- Height: 12-19 inches
- Weight: 25-35 lb
- Lifespan: 10-12 years
- Group: Not Applicable
- Best Suited For: families without young children or other pets, apartment or home owners, experienced dog owners
- Temperament: loyal, cheerful, protective, active
- Comparable Breeds: Chinese Shar Pei, Shih Tzu
Shar Tzu Basics
The easy-going Shar Tzu brings together the quiet, willful Chinese Shar-Pei and the fun, spunky Shih Tzu for a great companion dog who is devoted to his owner and loves to hang out with his family. While typically sweet-natured, he can be aggressive toward other animals if not properly socialized and isn’t recommended for homes with young children who may test his patience.
The easy-going Shar Tzu combines the willful Shar-Pei and the fun-loving Shih Tzu for a great family dog.
The Shar Tzu is the result of crossing a Shih Tzu with a Shar-Pei and while they have ancient lineage; Shih Tzu dates back to Tibet around the year 800 and the Chinese Shar Pei goes back to 200 BC China, the Shar Tzu himself is a little more recent. He likely dates back just 30 or 40 years to when breeders first began crossing pure-bred dogs to create pups that were free of the health issues impacting their pure-bred parents. These dogs are also often bred to be gentler, smaller and hypo-allergenic.
Although the Shar Tzu doesn’t qualify to join the American Kennel Club (AKC), both of his parent breeds are members. The Shar-Pei joined the club’s “non-sporting” group in 1992 while the Shih Tzu became a member of AKC’s “toy” group in 1969.
The Shar Tzu is a medium-sized dog who is moderately active and will require a nutrient-rich kibble specifically designed for his age, size and activity level. As he is not overly active and can be prone to joint issues its important his weight be controlled. Avoid fillers that may cause him to overeat to feel full and plan to feed him 2 to 3 small meals daily versus free-feeding.
The Shar Tzu is an intelligent dog that picks commands up quickly.
The Shar Tzu is an intelligent dog that picks commands up quickly however can be headstrong when it comes to obeying them. Patience will be needed along with establishment of pack leadership early on. Because he can become bored and distracted, try introducing rewards such as lots of verbal praise and treats to your training regimen to keep him engaged and on point.
Once fully grown, the Shar Tzu will weigh between 25 and 35 pounds.
The Shar Tzu can be a headstrong little dog that requires early socialization and obedience training. He is generally a loyal, loving little companion dog that is happy to just hang out with his human pack versus engage in outdoor activities. Praise and lots of pats are important to this attention-loving pooch however young children should be supervised as this dog can have a short fuse when being teased and nips can be expected. He may well inherit the Shar-Pei’s hunting instinct and will need to be watched when around smaller pets or when off-leash as the urge to chase may be strong.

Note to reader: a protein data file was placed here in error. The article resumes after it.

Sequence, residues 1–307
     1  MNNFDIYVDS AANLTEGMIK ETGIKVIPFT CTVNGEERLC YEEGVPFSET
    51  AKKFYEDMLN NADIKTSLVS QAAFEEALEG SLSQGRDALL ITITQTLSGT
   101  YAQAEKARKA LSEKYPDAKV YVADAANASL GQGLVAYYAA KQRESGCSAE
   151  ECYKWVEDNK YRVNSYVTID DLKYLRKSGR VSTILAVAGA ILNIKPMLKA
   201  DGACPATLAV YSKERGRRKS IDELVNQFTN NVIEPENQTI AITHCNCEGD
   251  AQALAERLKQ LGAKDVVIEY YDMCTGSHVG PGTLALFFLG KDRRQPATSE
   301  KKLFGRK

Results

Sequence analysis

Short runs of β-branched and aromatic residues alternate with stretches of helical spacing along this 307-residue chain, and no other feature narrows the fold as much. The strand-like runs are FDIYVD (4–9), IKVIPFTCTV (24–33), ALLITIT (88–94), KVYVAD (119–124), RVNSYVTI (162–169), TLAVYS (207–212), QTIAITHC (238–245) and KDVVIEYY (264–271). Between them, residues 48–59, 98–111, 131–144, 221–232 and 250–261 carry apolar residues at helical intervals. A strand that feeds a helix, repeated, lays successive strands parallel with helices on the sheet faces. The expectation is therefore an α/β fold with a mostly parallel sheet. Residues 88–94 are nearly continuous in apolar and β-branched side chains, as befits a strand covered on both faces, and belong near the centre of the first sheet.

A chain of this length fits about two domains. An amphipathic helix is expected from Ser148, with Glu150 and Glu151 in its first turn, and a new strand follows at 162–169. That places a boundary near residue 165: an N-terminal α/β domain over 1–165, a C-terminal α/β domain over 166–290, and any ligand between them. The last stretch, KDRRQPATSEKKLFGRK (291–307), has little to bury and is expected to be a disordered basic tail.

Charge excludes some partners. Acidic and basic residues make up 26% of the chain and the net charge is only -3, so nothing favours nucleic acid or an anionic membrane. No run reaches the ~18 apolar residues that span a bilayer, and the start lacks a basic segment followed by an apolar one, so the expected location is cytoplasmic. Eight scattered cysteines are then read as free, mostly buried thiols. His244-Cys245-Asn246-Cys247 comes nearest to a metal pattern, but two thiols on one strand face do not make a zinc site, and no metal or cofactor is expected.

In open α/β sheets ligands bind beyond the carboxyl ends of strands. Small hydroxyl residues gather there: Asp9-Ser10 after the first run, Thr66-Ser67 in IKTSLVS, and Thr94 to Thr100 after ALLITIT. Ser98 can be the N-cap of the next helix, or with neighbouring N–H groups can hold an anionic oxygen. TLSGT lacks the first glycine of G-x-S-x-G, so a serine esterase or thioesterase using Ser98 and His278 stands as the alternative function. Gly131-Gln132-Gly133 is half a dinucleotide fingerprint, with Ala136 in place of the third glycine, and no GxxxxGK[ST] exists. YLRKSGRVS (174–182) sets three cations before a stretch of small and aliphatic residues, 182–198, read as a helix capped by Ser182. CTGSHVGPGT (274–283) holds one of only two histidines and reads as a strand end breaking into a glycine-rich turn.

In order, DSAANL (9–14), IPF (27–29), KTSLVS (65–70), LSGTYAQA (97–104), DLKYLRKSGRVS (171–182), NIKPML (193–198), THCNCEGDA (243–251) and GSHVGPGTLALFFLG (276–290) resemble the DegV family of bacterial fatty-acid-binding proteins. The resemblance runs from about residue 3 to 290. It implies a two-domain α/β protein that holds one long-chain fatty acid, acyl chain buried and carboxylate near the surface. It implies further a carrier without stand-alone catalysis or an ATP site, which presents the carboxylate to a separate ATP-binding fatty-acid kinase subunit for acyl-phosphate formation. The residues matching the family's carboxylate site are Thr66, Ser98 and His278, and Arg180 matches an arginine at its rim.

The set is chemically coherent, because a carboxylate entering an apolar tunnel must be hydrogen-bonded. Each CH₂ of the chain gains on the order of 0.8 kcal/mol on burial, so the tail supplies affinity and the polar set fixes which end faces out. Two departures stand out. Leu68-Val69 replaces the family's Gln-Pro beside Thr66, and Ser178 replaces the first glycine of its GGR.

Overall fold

Common Health Problems
Although the Shar Tzu is considered a healthy dog, it’s always important to know what can be inherited from pure-bred parents. For the Shar Tzu, that can include joint issues including patellar luxation and hip dysplasia as well as eye disorders including glaucoma and SARDS (sudden acquired retinal degeneration syndrome) which the Shar-Pei can be prone to.
The Shar Tzu has a life expectancy of between 10 to 12 years.
The Shar Tzu is not an overly active dog so will do well with just a couple of good daily walks throughout his neighborhood. Visits to the dog park will help keep him physically fit, mentally alert and allow him to socialize with other dogs. He may pick up the Shar-Pei’s hunting instinct, and chase smaller animals so ensure he is properly socialized and obeys commands before letting him off leash.
The Shar Tzu can be a headstrong little dog that requires early socialization and obedience training.
Also known as the Shih-Pei, the Shar Tzu cannot joint the American Kennel Club (AKC) because of his mixed breed status however he is recognized by the Dog Registry of America, Inc. (DRA).
Your Shar Tzu may inherit the longer flowing mane of the Shih Tzu or the shorter coat and wrinkled face of the Shar-Pei. Either way he will have a dense coat and be a low- to moderate-shedder that requires daily brushing. If his coat is longer, you can expect periodic visits to the groomers for trimming and if he inherits the wrinkling of the Shar-Pei, you will need to be diligent about inspecting and carefully drying the folds after bathing to prevent infection. If your pup has longer, floppy ears, weekly inspection and cleaning will be needed to remove dirt and debris.
Shar Tzu pups can grow into stubborn, difficult to manage dogs if they are not socialized and trained in obedience early on. Establish pack leadership from the time he is young in order to ensure this little guy obeys commands and knows how to place nice with other animals.